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Old 2020-04-18, 08:04   #1
ron366
Default About Anti-Aliasing and game options

Hey, I don't have much tech knowledge, and I have a few questions:
1. In my launcher options I saw anti-aliasing is off, I used google to check what it means
but still have no idea if I should turn it On or Off in my specific computer, and if On, should it be 2x/4x/8x?
I have a nice computer (2 years old) and it's:
Intel Core i5-7500 CPU @ 3.40GHz, 8GB RAM, Intel HD Graphics 630
Anyway, I run all options at highest, so should it be off/2x/4x/8x?

2. On the Launcher Options>Video, the Graphics Quality are set to "High", and after that there's "Custom", what's the difference?
I aim for the best total quality possible (ofcourse)
Thanks in advance.
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Old 2020-04-18, 10:13   #2
[R-CON]​ALADE3N
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Default Re: About Anti-Aliasing and game options

Quote:
Originally Posted by ron366 View Post
Hey, I don't have much tech knowledge, and I have a few questions:
1. In my launcher options I saw anti-aliasing is off, I used google to check what it means
but still have no idea if I should turn it On or Off in my specific computer, and if On, should it be 2x/4x/8x?
I have a nice computer (2 years old) and it's:
Intel Core i5-7500 CPU @ 3.40GHz, 8GB RAM, Intel HD Graphics 630
Anyway, I run all options at highest, so should it be off/2x/4x/8x?

2. On the Launcher Options>Video, the Graphics Quality are set to "High", and after that there's "Custom", what's the difference?
I aim for the best total quality possible (ofcourse)
Thanks in advance.
usually you turn on AA to get rid of rugged edges of the game structures , weapons , vehicles and vegetations, when you play with those being off , you will see some nasty looking models ingame specially the trees and undergrowths(flowers , grass , etc.)

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Old 2020-04-18, 17:39   #3
SemlerPDX
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Default Re: About Anti-Aliasing and game options

The way to tell which setting is right for you and your system is to try them out... First, try one with it off, then run the game and note the FPS with a counter (FRAPS, RivaTuner Statistics Server, etc.), which of course counts the number of individual "frames" or images that are displayed to the PC monitor screen every second, to create the illusion of a moving image.

Then close it down and start up again with a different setting (x2,x4,x6/... You'll notice the FPS drop, but the level of jagged lines on objects diminish.

Most players shoot for at least 30-45FPS for PC gaming, understanding that the lowest FPS scenarios happen in high-action or graphically intensive scenes such as explosions or effect, and pushing for the highest "low" FPS is essential to fine tuning your experience.

Using the IGP on that Intel CPU will limit what you can do and how far you can push graphics in PR, but you should still be able to experience some decent gameplay given that PR is based on an older game engine.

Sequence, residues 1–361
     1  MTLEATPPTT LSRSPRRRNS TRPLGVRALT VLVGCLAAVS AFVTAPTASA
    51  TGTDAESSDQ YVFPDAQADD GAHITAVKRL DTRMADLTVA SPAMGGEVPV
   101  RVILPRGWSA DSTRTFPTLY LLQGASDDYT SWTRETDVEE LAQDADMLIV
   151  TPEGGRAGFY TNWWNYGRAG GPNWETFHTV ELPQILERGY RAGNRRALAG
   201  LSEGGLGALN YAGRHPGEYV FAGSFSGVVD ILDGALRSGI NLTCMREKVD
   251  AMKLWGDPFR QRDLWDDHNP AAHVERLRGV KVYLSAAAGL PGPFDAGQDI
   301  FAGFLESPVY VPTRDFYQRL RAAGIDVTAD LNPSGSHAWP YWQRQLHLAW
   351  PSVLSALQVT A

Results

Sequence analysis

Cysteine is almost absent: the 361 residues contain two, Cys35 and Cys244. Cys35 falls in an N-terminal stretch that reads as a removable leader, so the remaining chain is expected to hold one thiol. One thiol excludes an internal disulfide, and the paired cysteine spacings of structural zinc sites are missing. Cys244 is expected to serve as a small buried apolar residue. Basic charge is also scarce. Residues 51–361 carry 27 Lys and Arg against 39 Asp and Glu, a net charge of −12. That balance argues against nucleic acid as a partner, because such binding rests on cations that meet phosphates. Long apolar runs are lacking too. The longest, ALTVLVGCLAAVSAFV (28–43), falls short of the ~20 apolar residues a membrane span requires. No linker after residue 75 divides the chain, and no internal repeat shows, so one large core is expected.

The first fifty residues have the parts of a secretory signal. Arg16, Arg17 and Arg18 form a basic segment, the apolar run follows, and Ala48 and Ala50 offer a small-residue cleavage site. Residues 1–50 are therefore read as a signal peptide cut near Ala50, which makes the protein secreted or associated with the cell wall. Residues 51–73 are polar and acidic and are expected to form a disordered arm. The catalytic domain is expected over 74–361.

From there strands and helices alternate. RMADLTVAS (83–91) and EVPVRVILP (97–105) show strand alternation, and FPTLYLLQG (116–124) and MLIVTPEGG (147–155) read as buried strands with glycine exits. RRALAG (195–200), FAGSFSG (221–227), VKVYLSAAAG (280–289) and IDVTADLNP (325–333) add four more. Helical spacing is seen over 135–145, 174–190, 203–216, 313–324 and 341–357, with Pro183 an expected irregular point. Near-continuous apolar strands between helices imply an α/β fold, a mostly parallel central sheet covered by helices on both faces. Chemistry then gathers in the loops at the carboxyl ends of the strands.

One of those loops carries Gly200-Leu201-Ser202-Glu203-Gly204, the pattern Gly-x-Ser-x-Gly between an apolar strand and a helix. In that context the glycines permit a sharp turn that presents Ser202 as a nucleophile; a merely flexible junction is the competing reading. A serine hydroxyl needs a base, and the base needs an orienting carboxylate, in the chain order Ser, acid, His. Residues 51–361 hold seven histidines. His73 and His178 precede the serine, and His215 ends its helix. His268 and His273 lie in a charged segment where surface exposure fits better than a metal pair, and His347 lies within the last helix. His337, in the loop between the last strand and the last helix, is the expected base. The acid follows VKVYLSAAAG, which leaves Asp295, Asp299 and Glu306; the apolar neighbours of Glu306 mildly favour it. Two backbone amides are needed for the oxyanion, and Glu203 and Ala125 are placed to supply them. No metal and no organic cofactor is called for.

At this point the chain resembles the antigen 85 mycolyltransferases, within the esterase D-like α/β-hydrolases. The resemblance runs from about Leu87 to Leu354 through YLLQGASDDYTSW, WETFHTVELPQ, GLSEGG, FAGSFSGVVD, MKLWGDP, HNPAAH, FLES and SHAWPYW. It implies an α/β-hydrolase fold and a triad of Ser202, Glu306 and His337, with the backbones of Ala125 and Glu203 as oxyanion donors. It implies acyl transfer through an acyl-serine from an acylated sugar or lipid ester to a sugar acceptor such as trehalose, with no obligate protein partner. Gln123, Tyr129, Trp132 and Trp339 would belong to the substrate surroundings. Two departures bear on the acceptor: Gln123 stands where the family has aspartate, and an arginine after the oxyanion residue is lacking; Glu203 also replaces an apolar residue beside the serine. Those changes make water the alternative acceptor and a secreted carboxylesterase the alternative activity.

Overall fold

When it comes to Anti-Aliasing, the concept is to smooth out jagged lines by applying a method specific to the type of AA, up to a certain number of times, before sending that image to the screen (and then doing that for every still image that makes up what we see as a moving 3D game). The more times you send it through that process, the better it may look overall, but the drawback is slowing down the speed those individual "frames" are sent to the PC monitor.

The faster the hardware, the less impact high settings will have on frame delivery.

It's a trick to allow lower resolution PC monitors to display a higher quality image by processing each frame. The higher the monitor resolution, the less this feature is needed or desirable for smooth, straight lines. Would possibly be pointless to run x8 AA on a 4K PC gaming monitor,from what I read... I'm still using a 24" 1080p at 144Hz for a maximum true FPS of 144.

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Old 2020-05-02, 07:24   #4
akilmaf

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Default Re: About Anti-Aliasing and game options

Quote:
Originally Posted by SemlerPDX View Post
The way to tell which setting is right for you and your system is to try them out... First, try one with it off, then run the game and note the FPS with a counter (FRAPS, RivaTuner Statistics Server, etc.), which of course counts the number of individual "frames" or images that are displayed to the PC monitor screen every second, to create the illusion of a moving image.


It's a trick to allow lower resolution PC monitors to display a higher quality image by processing each frame. The higher the monitor resolution, the less this feature is needed or desirable for smooth, straight lines. Would possibly be pointless to run x8 AA on a 4K PC gaming monitor,from what I read... I'm still using a 24" 1080p at 144Hz for a maximum true FPS of 144.

Hi,

Can you share your current graphics settings? Including Nvidia Control Panel and other settings like Inspector sweetfx etc.

Plus,

Do you recommend turning off/lowering any setting that does not affect the quality and just a FPS killer?

Thanks in advance
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Old 2020-05-02, 11:34   #5
Danesh_italiano
Supporting Member
PR Server License Administrator
Default Re: About Anti-Aliasing and game options

With Intel HD Graphics 630, you should play on low and with Anti-Aliasing off as effect is forced to High (that makes gpu 100% when rendering smoke from smoke/muzzle flash/dust).

I only know that I know nothing. Só sei que nada sei. Sólo sé que no sé nada. So solo di non sapere nulla. Tantum scio me nihil scire. Je sais seulement que je ne sais rien. Tiedän vain, etten tiedä mitään. Ich weiss nur dass ich nichts weiss. Ek weet net dat ek niks weet nie. Wiem tylko, ?e nic nie wiem. Heoi ko ahau anake e mohio ana kahore au e mohio. Ngiyazi kuphela ukuthi angazi lutho.